For many of these energy-related emitting sectors, capturing CO2 directly at the facility, called point-source capture, is an efficient CCUS technology solution. CO2 concentrations at production site processing are significantly greater than directly from ambient air, which is the alternative CCUS method called carbon dioxide removal (CDR). The estimated concentration of CO2 in the atmosphere is roughly 0.04%, compared to ~4% in flue gas from natural gas-fired plants and 12-15% from coal-fired plants.5,6 This underpins the NZE assumption that 69% of the captured 7.6 Gt CO2/year will be from point-source capture technologies across a variety of applications (Chart 2).

The remaining 32% of captured CO2 by 2050 is expected to come from CDR methods. CDR is an option for those industries that cannot fit point-source capture technology into their processes. This would be the best solution for firms whose emissions do not occur through a facility processing, but instead through their operation, such as through critical inputs or consumption of materials. One example is the aviation industry, where CO2 emissions during fuel consumption cannot be captured using point-source technology. To this end, CDR methods can be employed to support a clean energy solution for long-haul transportation, such as "blue hydrogen", an innovative clean fuel alternative. Blue hydrogen is produced from natural gas or coal and the resulting emissions are captured using a CDR method (discussed below), which is the lowest cost option to produce hydrogen relative to renewables-based generation. 

Finally, CDR methods can also be used by companies who are not part of the energy-emitting sectors but still need to reduce their overall emissions profiles in achieving net-zero for their organization. For example, Microsoft announced in January 2021 that it has used CDR methods to remove 1.3 Mt CO2 from the atmosphere, and looking ahead, has secured a contract with direct air capture company, Climeworks, to remove 11% of its total annual emissions.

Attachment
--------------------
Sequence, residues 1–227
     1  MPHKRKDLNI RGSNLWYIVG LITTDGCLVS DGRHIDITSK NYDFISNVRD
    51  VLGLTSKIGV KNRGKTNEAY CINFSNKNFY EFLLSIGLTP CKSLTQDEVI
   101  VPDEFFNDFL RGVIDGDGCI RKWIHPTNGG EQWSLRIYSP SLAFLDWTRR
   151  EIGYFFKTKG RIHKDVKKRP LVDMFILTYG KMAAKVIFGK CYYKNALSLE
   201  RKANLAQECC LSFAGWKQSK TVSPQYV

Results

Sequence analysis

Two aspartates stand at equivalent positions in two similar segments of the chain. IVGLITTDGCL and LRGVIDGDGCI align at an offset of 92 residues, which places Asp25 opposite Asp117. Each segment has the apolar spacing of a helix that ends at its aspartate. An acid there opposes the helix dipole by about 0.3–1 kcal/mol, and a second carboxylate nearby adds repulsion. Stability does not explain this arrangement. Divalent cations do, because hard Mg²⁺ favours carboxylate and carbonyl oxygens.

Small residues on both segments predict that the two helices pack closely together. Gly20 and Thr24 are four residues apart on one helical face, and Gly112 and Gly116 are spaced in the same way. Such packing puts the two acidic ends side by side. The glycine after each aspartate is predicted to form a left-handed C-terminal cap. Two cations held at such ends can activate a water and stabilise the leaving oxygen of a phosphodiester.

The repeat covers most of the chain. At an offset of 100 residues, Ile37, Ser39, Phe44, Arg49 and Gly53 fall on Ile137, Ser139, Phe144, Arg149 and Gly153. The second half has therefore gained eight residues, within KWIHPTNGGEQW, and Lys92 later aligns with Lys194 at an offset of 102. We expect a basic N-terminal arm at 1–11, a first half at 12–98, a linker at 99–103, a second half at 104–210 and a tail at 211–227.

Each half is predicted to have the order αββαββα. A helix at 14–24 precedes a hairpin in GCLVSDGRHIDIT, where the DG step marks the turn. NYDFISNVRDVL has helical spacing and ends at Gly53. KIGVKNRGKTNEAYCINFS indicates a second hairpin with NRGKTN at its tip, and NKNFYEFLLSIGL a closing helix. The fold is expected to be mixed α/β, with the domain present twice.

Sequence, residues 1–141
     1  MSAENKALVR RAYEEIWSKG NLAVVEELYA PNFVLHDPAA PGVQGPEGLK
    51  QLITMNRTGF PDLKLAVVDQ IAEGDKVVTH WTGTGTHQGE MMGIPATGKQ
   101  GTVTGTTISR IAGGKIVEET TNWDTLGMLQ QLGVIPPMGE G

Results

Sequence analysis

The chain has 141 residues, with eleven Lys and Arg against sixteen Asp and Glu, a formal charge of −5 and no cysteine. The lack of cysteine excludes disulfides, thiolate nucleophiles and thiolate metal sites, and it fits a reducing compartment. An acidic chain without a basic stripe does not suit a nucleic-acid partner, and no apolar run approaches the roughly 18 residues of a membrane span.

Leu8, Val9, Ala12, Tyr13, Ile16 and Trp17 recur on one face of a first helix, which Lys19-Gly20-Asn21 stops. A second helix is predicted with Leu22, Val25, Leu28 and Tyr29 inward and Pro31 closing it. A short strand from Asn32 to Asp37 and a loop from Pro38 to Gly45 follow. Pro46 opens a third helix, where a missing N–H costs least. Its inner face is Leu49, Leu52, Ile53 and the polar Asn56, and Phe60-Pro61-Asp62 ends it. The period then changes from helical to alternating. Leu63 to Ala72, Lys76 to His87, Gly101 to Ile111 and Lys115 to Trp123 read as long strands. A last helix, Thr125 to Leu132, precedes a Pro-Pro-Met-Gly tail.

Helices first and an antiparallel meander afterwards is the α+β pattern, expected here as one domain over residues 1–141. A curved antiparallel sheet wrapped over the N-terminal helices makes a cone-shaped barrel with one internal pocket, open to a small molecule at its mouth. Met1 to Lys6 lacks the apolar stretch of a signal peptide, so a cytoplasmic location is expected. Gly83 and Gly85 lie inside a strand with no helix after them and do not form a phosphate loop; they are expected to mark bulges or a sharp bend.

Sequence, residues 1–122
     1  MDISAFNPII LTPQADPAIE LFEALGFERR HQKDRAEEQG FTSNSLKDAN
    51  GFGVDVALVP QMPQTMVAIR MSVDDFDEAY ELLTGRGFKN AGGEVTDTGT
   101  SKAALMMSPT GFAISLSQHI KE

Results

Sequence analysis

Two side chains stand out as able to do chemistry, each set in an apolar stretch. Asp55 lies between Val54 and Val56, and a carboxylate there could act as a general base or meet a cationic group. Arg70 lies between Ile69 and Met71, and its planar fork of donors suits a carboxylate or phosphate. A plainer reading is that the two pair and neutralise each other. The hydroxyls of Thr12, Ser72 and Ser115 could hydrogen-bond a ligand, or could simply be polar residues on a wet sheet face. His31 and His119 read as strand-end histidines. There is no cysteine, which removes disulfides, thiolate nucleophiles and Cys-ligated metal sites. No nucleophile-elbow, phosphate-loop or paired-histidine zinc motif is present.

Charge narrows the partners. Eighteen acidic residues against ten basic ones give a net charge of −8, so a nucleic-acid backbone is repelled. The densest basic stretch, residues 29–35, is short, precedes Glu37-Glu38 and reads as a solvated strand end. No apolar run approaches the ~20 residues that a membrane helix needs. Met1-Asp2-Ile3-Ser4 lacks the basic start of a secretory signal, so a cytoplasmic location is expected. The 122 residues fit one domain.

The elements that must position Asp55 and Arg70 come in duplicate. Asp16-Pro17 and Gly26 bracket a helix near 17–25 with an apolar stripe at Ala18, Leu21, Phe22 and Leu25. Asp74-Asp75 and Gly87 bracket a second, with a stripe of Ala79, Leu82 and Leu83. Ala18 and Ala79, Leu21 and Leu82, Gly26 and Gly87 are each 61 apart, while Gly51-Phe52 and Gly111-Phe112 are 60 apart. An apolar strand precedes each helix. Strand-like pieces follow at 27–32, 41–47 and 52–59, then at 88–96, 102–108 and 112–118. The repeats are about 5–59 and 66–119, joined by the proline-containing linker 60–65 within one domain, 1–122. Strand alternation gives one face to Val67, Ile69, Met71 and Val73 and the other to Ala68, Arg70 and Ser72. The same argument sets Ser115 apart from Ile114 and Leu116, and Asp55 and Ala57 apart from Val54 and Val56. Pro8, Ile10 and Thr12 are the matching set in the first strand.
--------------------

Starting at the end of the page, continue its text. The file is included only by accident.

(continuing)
CCUS Basics

Point Source Capture

In point-source CCUS, carbon capture technology is implemented into a facility's production process. There are four basic systems for point-source capture: industrial process streams, post-combustion capture, pre-combustion capture, and oxy-fuel capture. 

Capture from industrial process streams is an existing technology employed by industries for decades, where CO2 capture is embedded into the original processing cycle for a specific purpose. Historically, captured emissions were released absent incentives to store it. Another process like post-combustion, pre-combustion, or oxy-fuel capture is used in combination to complete the capture cycle. Examples of industrial use include purification of natural gas, production of hydrogen-containing synthesis gas for the manufacture of ammonia, alcohols and synthetic liquid fuels, and cement and steel production.8

Post-combustion capture is the process of capturing the CO2 emissions from flue gas after the combustion of a fuel source. It is most notably used in oil, coal and natural gas power facilities. The CO2 in the post-combustion capture process is emitted alongside many other substances in the gas stream, requiring further processing and compression. By comparison, pre-combustion capture is more efficient in CO2 capture as it is extracted before the combustion process, allowing for purer carbon to be captured. Finally, oxy-fuel capture occurs when fuel is burned in a pure oxygen chamber instead of air, resulting in the purest stream of CO2 of all the processes. 

Carbon Dioxide Removal

When point-source capture is not a viable solution, the other option is to remove carbon dioxide directly from the ambient air using carbon dioxide removal (CDR) strategies. This can be done using nature-based carbon sinks or through large technology systems called Direct Air Capture (DAC).

Nature-based CDR methods rely on natural carbon sinks that extract CO2 from the air and absorb it into the earth. Methods include afforestation/reforestation, biochar, enhanced weathering, ocean fertilization and bioenergy with carbon capture and storage (BECCS). Afforestation/reforestation and BECCS are the most explored nature-based solutions to date. Figure 1 broadly outlines the CO2 removal processes through these methods.